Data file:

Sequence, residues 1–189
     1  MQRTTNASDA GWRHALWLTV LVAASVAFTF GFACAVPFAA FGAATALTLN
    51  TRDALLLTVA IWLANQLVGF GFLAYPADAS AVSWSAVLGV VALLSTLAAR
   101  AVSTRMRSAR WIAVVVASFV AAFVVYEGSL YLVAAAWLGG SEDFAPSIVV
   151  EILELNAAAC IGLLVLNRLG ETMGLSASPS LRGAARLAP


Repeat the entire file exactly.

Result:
Sequence, residues 1–189
     1  MQRTTNASDA GWRHALWLTV LVAASVAFTF GFACAVPFAA FGAATALTLN
    51  TRDALLLTVA IWLANQLVGF GFLAYPADAS AVSWSAVLGV VALLSTLAAR
   101  AVSTRMRSAR WIAVVVASFV AAFVVYEGSL YLVAAAWLGG SEDFAPSIVV
   151  EILELNAAAC IGLLVLNRLG ETMGLSASPS LRGAARLAP